Registered Care refers to a service where the accommodation and support are registered with the Care Quality Commission (CQC). Typically, this is a shared living service, where people have a license for a room and the support that they receive is linked to where they live. This means people don’t have to pay for their bills and for the cost of living, as it is covered as part of their support package.
A team provides support for people in their daily lives, which includes domestic tasks, activities, and around people’s general health and wellbeing. A local authority or health board usually pays for registered care. Registered care services in England, as well as being registered with the CQC, are also regulated and inspected by them.
LDN has three registered care services, where we support 13 people in total.
Respite services or short breaks mean that people with learning disabilities who live with their families can stay somewhere else for a short period of time.
This gives carers and other family members a break from their caring role. This is important as caring can be exhausting and challenging. A break to recharge your batteries, rest and focus on other things for a while is vital.
A short break in dedicated accommodation, such as Alison House, can also be beneficial for people with learning disabilities. It is often a welcome change to someone’s routine, as well as an opportunity for a holiday, to take trips, do activities, learn new things and meet new people.
At LDN London we have planned and unplanned respite services. Unplanned services are for people who need accommodation in an emergency.
These services are also registered with the Care Quality Commission.
A child or young person has special educational needs and disabilities if they have a learning difficulty or disability that means they need extra health and education support, beyond what is usually given in schools. This could be because they find learning a lot more difficult than most children and young people of the same age, or because they have a disability which means they cannot attend ‘mainstream’ schools.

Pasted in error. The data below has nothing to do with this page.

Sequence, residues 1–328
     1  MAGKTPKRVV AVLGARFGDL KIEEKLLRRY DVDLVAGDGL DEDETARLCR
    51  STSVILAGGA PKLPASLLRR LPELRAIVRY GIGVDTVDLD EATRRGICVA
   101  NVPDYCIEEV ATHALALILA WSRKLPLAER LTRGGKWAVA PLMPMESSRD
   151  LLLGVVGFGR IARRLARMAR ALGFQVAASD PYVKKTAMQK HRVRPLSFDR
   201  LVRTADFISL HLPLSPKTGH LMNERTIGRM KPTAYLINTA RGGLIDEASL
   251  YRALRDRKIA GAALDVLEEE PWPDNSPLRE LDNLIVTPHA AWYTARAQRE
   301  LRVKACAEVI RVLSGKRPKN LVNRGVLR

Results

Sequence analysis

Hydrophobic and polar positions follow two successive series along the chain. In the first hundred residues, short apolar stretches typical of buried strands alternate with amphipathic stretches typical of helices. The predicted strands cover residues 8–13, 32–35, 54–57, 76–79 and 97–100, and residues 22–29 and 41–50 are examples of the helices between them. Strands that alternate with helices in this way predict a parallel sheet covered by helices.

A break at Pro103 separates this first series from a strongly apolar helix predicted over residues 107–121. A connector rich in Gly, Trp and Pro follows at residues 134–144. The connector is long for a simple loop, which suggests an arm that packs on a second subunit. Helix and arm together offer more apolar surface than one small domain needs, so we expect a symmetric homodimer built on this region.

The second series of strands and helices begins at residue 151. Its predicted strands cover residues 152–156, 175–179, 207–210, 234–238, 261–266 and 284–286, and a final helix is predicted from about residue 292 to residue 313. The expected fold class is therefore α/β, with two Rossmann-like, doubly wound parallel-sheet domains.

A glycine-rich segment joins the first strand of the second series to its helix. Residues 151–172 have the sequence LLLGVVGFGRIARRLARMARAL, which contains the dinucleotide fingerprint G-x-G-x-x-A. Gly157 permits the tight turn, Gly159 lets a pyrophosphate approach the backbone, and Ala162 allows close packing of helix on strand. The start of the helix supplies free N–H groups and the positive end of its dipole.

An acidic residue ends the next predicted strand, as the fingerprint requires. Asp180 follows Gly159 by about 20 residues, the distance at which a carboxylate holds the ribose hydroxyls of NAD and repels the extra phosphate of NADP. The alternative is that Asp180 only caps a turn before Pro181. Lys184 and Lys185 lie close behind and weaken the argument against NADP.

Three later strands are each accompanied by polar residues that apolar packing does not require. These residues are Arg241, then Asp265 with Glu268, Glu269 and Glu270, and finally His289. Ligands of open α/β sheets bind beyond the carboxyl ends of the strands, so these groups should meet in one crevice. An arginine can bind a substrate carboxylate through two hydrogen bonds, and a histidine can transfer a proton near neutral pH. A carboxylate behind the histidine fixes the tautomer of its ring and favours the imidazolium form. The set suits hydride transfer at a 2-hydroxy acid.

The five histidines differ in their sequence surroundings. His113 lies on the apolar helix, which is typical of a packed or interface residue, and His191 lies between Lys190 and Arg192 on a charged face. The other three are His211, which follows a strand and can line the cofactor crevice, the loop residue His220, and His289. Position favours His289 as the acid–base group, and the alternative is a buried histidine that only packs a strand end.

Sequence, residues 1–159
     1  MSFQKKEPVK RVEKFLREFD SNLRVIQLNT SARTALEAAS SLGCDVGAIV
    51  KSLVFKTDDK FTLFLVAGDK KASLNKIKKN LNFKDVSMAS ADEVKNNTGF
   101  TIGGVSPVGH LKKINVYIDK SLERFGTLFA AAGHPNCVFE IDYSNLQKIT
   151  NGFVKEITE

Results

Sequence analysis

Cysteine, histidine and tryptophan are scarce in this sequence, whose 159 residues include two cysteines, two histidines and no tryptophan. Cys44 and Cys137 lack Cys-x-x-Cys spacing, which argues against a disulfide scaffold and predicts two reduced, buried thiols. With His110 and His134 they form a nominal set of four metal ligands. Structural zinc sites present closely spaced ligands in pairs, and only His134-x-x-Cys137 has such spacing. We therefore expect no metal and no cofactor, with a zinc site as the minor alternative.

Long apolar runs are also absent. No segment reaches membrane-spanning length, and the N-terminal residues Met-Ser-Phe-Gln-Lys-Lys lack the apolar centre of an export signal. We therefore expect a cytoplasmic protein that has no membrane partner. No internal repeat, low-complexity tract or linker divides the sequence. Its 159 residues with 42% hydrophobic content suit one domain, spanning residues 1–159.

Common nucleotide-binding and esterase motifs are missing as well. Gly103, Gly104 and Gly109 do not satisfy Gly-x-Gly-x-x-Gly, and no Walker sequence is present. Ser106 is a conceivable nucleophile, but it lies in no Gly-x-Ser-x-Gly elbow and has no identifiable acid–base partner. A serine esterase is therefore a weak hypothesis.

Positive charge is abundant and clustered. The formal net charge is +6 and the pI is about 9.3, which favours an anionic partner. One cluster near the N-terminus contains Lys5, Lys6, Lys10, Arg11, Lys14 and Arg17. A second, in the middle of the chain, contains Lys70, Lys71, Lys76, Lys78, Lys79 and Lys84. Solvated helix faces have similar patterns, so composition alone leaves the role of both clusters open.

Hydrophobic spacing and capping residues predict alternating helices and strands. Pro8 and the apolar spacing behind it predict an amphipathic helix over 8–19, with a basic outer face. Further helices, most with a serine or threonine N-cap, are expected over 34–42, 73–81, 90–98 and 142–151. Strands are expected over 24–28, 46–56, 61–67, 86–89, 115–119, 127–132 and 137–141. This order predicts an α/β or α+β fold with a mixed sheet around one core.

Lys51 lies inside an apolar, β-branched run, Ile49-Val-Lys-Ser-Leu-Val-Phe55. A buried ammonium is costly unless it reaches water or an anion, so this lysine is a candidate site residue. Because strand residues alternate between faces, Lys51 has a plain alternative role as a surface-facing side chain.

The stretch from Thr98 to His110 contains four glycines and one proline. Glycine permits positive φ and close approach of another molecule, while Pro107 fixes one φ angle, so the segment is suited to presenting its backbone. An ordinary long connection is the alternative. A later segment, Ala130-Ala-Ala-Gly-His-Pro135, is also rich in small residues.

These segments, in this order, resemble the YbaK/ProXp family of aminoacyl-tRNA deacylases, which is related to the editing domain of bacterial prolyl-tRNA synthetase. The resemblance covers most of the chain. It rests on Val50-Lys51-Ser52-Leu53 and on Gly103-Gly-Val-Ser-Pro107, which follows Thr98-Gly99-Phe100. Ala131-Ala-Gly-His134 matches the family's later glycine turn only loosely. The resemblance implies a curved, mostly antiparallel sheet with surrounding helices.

Supported living is where people with learning disabilities receive support in their own home or a shared house. People using supported living have their own tenancies and pay their own bills. (LDN London, and other organisations, can support people with this). The Government often helps people to pay their rent and bills through benefits.
Supported living gives people independence in their home, as well as the benefit of some extra help. It means a person has more choice and the responsibility for looking after their property, paying rent, and (often) buying furniture. The support a social care provider gives in supported living is not connected to someone’s home or the tenancy. When supporting a person, it is vital to respect that you are in their home and treat it as you would anyone else’s home (respecting it and keeping appropriate boundaries).
Through supported living we help people to live with more independence. People with different learning disabilities use supported living. Some people require 24-hour one-to-one support, while others need a couple of hours of extra help each day. Sometimes we provide personal care in supported living services. When this is the case, the service is registered with the Care Quality Commission.
A support worker looks after people who are at-risk or have a health condition, and helps them to live life to the fullest.
Support workers help with day-to-day activities, so the people they support can manage their lives, learn new things, or do what they enjoy. A support worker also helps people to be independent and to have as much choice as possible. Tasks support workers do in their job might include helping people to set goals and achieve them, supporting people with everyday plans (such as going to college or doing activities), providing support with personal care and hygiene, and assisting people with their communication skills.